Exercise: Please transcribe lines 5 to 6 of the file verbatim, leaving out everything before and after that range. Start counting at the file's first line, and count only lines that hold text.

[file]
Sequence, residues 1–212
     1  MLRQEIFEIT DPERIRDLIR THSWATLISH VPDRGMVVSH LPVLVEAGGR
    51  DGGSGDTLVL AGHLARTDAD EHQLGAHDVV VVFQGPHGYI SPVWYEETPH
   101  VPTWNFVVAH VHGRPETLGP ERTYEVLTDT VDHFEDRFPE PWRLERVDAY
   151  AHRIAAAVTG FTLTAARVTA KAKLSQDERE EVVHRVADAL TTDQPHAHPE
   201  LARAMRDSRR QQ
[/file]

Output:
   151  AHRIAAAVTG FTLTAARVTA KAKLSQDERE EVVHRVADAL TTDQPHAHPE
   201  LARAMRDSRR QQ